My wife and I enjoy playing games. We've bought quite a few games from our local retailer over the last year. Last night on the way home, I picked up the copy of TtR:E that had been on order.
After the kids were in bed, we sat down to play two games of TtR:E.
My first thought was: "Hey, this is how game boxes should be organized." (I'm looking at YOU, Settlers and Risk 2210!) Everything had a place, and was already set and sorted into baggies. No punching or cutting was required. (I'm looking at YOU, Axis and Allies!) They also included 3 extra trains of each colour so lost pieces can be instantly replaced. That's a really nice touch.
It didn't take long at all to get the rules straight, although I had a little trouble figuring out exactly how many cards you could draw from the train pile. I don't know why I had a blind spot for this. It was perfectly simple.
The first game had me with the route from Cadiz to Stockholm for my long route, and the three small routes were all more-or-less along the way. The longest junket out of my way was the Edinburgh - Paris route. It was nice luck for the first game. (Usually when I break out a new game, I win the first game and my luck takes a rapid turn for the worst on subsequent plays.) Anyway, we both ended up filling our routes without using any stations.
I was behind for longest road, and there was nothing I could do. I had a smattering of black cards and locomotives, and there were only three cards left in the deck. I decided to go for the tunnel from Stockholm to Petrograd. One of the card, unfortunately, was a locomotive, so not tunnel for me. Two turns later, my wife played out with a slightly longer railway than I could muster. I had picked up one locomotive on my previous turn and went for the tunnel again as my last move.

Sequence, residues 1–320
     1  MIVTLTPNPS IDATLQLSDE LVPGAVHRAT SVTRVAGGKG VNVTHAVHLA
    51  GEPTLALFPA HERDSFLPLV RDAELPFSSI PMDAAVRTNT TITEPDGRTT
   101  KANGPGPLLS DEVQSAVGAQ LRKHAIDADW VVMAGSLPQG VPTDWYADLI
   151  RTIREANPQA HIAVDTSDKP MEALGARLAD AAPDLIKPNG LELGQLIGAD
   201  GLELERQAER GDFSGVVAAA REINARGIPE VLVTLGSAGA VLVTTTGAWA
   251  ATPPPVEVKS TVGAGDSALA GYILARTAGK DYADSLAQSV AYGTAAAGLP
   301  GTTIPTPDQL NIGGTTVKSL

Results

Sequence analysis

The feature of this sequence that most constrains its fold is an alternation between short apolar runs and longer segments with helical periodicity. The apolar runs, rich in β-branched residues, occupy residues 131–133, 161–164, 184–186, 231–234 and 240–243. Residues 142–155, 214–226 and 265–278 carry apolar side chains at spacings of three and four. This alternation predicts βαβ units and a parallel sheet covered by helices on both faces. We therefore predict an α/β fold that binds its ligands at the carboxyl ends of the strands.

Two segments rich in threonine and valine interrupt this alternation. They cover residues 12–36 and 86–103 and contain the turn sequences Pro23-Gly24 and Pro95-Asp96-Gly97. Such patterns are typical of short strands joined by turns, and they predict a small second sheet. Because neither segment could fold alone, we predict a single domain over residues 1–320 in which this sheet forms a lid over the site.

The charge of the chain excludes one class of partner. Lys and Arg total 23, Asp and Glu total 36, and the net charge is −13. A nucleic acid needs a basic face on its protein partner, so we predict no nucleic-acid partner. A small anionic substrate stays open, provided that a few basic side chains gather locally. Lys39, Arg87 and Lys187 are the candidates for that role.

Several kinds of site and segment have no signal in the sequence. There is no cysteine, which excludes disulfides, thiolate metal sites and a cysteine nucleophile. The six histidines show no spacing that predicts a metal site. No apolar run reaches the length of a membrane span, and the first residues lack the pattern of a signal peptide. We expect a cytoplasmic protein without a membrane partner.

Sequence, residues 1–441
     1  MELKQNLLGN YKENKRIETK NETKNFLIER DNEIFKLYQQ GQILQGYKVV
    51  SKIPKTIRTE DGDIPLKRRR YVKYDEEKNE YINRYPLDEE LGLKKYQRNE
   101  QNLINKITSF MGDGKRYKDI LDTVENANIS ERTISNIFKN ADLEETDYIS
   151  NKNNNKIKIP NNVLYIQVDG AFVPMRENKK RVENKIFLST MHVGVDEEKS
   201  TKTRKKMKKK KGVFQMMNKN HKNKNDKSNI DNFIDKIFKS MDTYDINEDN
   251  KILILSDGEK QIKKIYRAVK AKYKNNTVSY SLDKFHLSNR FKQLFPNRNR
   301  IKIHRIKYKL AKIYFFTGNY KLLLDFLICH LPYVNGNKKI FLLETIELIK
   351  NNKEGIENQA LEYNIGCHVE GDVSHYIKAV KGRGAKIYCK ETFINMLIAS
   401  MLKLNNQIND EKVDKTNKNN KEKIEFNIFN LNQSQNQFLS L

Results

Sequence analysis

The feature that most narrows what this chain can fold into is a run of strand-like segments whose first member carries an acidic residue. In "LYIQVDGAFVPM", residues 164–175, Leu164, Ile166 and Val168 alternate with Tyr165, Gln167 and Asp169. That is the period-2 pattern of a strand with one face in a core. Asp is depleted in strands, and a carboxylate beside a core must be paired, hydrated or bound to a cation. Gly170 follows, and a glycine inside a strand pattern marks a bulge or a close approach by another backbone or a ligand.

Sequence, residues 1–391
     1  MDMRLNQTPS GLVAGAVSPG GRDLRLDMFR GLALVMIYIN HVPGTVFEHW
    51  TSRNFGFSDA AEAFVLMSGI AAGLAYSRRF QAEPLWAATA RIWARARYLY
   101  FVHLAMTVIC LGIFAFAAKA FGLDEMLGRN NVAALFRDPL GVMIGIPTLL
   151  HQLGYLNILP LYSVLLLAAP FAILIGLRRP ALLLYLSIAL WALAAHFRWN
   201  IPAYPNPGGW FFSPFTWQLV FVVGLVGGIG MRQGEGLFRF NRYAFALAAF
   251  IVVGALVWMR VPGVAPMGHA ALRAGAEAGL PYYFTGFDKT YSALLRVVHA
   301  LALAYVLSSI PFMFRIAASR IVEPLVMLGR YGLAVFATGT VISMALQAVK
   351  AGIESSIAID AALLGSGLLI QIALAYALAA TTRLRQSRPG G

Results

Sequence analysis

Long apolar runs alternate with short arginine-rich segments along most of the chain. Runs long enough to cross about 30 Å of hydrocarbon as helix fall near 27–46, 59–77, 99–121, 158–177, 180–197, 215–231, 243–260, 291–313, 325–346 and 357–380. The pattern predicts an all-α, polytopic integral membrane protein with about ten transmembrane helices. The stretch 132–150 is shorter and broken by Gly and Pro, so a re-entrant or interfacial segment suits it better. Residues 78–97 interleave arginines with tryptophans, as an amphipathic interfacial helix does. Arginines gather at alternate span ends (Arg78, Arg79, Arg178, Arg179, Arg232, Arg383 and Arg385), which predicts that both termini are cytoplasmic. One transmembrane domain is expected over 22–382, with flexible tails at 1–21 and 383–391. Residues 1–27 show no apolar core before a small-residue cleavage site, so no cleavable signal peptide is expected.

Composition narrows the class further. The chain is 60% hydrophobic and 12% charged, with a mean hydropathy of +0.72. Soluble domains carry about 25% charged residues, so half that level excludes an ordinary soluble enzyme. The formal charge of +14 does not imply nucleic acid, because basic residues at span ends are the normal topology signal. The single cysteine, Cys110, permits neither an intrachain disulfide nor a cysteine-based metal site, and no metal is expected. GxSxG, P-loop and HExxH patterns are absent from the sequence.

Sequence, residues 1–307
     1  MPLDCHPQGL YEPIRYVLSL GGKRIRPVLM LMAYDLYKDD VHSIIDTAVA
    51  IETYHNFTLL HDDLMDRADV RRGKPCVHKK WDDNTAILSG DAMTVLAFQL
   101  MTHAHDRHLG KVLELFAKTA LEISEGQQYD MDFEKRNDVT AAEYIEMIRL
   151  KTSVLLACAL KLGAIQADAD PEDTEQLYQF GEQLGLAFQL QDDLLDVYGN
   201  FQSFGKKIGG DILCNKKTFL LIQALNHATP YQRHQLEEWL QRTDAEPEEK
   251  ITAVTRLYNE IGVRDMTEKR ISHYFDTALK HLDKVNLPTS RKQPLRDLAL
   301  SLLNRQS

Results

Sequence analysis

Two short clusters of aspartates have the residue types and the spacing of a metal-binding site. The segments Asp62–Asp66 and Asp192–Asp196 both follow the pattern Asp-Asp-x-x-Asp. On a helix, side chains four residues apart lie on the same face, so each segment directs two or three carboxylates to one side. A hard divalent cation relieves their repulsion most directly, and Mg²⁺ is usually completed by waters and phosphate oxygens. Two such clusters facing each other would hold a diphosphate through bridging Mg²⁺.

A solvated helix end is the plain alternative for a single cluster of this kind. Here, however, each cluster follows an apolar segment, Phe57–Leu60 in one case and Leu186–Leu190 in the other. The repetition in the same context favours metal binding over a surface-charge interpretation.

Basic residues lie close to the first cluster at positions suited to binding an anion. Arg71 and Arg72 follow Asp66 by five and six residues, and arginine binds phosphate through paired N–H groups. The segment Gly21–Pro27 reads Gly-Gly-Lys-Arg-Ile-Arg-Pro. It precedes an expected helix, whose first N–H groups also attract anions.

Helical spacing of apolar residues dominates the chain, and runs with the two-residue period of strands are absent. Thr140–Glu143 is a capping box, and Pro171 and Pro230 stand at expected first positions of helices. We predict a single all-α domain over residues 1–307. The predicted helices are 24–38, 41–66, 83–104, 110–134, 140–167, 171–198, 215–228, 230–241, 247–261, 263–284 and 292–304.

No blacks. No locomotives. 21 points for the tunnel and another 10 for the European Super Route or whatever it's called. (We kept referring to it as the Longest Road.) The final score was 102 to 118. We didn't count the stations (we forgot) but since neither of us used any, the outcome would not have changed.
With the rules figured out, we sat down for another quick game. I drew a long trip, from Edinburgh to Athens. The hardest part was the two black cars from Venezia to Roma. I thought she would fill them in just because it's the right thing to do in a 2-player game. Luckily for me, she didn't, and I pulled up a route with 2 locomotives.
Wendy was going for long route, and unknown to me, I'd already cut off one of her routes when I took the Athena - Constantinople route and tunnel. I saw a quick chance to cut her long route off, and Wien - Budapest route got a surprise red car. It cost me a turn, but I did cut her off from the European Super Route. I finished all of my routes and spent the rest of my cars filling up the right-hand side of the board. I won this game too, since my route went from Edinburgh to Athena, then up the side of the board to Moskva.
Both games were thoroughly enjoyed by both of us. We realize that it would get old if there were no other games to play in the meantime (and we do have several, although nothing compared to some of the collections I've seen here.) but it was quite an enjoyable way to spend the evening.
I wholeheartedly recommend this game. Fantastic. Great for family folks (like us) who want a quick game for two people and can still pull out the same game when you have friends over.